Not to be dramatic, but let's take smoking cigarettes as an example. Before 1900 there were no real harms associated with smoking tobacco; it was commonplace. In the early 1900s, cigarettes started to become mass-produced and glamorized. Even soldiers were given cigarettes for free during World War I and World War II. It wasn't until lung cancer proved time and again how harmful cigarette smoking can be. Scientists finally convinced health officials to mandate warning labels on cigarette packaging in 1965. 

Science is mostly responsible for two things: (1) trying to understand something before it happens by proactively taking action, and (2) analyzing things after they've happened, which is reactionary. In the case of cigarette smoking, scientists officially proved its adverse effects after the fact. 

As for sitting, over the past few years, more research has surfaced that sitting for extended periods can lead to a higher mortality rate and other musculoskeletal issues; this is based on analyzing things after they've happened, or reactionary. But science is still catching up.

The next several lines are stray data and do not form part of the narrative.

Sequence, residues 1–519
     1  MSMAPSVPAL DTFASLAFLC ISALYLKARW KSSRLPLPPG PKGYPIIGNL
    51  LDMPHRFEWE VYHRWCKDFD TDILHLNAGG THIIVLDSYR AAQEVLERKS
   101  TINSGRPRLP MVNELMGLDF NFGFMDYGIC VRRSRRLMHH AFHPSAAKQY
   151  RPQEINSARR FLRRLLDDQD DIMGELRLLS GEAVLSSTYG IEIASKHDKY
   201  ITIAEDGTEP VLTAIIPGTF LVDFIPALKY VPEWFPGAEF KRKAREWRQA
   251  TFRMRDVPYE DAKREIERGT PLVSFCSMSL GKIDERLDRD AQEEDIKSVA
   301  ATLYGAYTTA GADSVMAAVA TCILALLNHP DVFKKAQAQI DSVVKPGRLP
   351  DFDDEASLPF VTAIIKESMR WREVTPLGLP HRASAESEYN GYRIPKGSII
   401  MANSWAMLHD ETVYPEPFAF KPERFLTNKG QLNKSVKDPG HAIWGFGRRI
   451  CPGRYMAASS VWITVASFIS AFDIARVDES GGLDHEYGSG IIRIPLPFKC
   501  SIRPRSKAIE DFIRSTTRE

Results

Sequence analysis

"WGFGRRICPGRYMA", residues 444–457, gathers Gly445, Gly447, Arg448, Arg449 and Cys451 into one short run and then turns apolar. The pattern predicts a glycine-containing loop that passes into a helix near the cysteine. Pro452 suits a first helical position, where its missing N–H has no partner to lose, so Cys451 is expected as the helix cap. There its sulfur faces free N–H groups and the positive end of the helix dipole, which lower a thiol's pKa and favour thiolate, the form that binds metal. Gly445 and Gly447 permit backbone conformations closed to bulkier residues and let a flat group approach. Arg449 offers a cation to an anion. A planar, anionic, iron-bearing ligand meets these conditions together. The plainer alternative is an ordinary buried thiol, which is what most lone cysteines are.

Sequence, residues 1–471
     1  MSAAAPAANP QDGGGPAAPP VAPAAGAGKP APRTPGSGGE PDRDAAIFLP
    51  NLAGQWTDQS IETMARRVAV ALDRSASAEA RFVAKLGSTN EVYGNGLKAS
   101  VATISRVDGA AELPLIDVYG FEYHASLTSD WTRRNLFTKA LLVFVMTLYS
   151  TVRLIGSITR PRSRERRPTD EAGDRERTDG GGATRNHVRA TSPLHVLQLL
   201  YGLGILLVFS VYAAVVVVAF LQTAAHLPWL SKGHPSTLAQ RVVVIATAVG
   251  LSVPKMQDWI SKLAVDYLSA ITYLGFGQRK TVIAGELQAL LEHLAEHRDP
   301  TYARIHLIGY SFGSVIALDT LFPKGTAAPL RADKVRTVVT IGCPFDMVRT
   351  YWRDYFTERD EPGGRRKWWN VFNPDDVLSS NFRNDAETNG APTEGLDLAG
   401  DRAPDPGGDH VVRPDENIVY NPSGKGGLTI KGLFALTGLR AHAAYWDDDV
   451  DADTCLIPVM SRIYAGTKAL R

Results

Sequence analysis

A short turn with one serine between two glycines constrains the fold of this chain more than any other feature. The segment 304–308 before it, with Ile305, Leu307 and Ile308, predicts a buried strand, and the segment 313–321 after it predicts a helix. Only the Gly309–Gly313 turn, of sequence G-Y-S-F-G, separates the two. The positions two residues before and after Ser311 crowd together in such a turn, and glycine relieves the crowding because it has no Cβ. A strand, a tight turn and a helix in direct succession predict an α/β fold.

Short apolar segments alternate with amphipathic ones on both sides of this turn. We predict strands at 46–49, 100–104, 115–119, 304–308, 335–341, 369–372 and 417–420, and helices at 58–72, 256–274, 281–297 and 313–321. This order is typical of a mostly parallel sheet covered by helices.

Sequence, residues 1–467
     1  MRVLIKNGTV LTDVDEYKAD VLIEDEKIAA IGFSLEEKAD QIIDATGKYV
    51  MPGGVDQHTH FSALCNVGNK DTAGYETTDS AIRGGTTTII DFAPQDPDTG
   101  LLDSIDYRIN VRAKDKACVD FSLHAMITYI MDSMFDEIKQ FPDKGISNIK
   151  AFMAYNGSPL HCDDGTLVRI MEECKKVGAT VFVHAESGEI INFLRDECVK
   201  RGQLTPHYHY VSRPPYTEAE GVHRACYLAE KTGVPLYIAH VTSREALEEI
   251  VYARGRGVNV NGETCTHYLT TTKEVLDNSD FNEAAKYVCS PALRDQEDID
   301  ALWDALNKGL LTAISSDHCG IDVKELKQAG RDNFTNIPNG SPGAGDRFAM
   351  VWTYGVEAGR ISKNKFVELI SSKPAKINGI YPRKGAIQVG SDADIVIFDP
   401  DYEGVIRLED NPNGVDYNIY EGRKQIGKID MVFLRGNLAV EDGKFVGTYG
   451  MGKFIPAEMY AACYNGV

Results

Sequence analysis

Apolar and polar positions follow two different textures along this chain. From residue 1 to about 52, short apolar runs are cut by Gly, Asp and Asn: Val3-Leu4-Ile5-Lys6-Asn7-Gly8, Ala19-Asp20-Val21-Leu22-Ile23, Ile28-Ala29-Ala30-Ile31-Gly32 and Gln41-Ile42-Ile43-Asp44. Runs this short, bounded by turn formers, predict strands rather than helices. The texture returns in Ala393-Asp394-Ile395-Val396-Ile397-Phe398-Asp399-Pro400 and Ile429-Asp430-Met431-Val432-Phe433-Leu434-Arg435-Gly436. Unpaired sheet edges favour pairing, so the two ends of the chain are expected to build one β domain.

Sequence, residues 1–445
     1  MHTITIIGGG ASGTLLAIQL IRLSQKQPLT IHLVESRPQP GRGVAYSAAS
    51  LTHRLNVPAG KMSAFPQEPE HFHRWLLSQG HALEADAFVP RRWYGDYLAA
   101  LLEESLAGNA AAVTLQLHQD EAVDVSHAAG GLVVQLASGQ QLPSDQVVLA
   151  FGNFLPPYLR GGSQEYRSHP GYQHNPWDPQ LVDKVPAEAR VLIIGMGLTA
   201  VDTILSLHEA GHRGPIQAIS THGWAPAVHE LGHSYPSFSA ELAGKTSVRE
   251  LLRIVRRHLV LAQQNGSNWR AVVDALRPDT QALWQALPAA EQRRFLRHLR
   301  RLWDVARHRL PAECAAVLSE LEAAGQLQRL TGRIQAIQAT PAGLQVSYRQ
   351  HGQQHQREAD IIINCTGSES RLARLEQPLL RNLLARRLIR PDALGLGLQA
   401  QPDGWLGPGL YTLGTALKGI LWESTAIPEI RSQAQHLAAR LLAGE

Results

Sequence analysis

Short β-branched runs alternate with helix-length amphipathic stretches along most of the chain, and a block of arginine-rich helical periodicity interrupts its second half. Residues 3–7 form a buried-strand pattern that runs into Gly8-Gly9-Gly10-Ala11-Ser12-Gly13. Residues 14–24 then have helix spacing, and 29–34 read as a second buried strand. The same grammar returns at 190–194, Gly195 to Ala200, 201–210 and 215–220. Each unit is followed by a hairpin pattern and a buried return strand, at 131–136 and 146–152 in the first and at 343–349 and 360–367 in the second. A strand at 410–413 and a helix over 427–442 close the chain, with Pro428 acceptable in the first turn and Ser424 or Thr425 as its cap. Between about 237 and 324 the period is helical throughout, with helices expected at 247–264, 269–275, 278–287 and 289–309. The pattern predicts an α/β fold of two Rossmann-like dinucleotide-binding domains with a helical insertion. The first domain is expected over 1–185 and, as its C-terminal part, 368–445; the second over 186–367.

Remember, we've only been sitting in chairs regularly for a couple of hundred years, and now the average American sits for 10 hours a day. The science will take some time to evaluate the long term effects of sitting for extended periods. But, with what we know now, we can take action. We already know that it's proven to cause heart disease, obesity, type 2 diabetes, and cancer. But what about how it impacts our skeletal makeup?

To understand our skeletal makeup, think of it like this - our skeleton is built in a particular way, known as our structure, and how we move is up to us, known as our function. Structure and function should ideally operate in harmony, like a well-oiled machine. However, if we round our lower backs as we sit (function), over time, it will change our lumbar spine and sacrum (structure).